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What is headphone "burn in" and do I need it? - Page 3

post #31 of 32
Quote:
Originally Posted by tinyman392 View Post

I haven't heard much about cable burn in, a lot of people seem to believe in it though, but without proper proof.  The idea that cables to oxidize in the duration of their life can push the idea that cables can burn in.  Oxidation can lower the radius of the actual metal the electrical signal has to travel through which means increased resistance.  This increased resistance means a possible change of sound.  My question is, is this increased resistance enough on its own, or is there something else going on?

With many aftermarket cables on the market the oxidation is only changing the metal used for plating, and not the actual conductive material itself. So the effect in such a case would be placebo, and not a perceivable one.


 

 

post #32 of 32
Quote:
Originally Posted by Fizz View Post

With many aftermarket cables on the market the oxidation is only changing the metal used for plating, and not the actual conductive material itself. So the effect in such a case would be placebo, and not a perceivable one.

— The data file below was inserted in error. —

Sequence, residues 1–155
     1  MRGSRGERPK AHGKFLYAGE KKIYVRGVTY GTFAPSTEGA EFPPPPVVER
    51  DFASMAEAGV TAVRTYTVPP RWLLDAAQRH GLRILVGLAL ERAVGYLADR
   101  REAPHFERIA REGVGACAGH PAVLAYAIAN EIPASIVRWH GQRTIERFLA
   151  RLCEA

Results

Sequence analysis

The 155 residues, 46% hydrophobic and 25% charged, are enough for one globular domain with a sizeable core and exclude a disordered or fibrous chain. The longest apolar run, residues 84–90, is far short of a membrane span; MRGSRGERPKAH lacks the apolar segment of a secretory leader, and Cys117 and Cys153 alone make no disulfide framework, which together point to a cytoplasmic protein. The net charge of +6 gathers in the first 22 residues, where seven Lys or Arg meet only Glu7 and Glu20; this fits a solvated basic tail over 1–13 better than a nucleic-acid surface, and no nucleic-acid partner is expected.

Oxidation specific to copper cables, IE rust on copper cables is possible (they turn green for a reason :p).  And that does effect the conductive material.  The question is whether or not this change is audible.  On such a small scale, a small change due to rusting is certainly a possibility for a change in sound to happen.  The question still remains, can the human ear hear it (remember, it is sensitive)? 

 

Silver on the other hand, only tarnishes, and that takes way to long to have any effect.  The fact that the silver is coated makes it even harder for any Hydrogen Sulfide to get in.  I have no clue why people hear those effects, or even why they hear the effects.  Could it be placebo?  At the current moment, we can't call anything placebo since we don't know what deceived is (is not hearing it the deceived response in question, or is hearing the deceived response in question).  We have no proof for either one, so I wouldn't label it placebo.  I would just call it unproven either way. 

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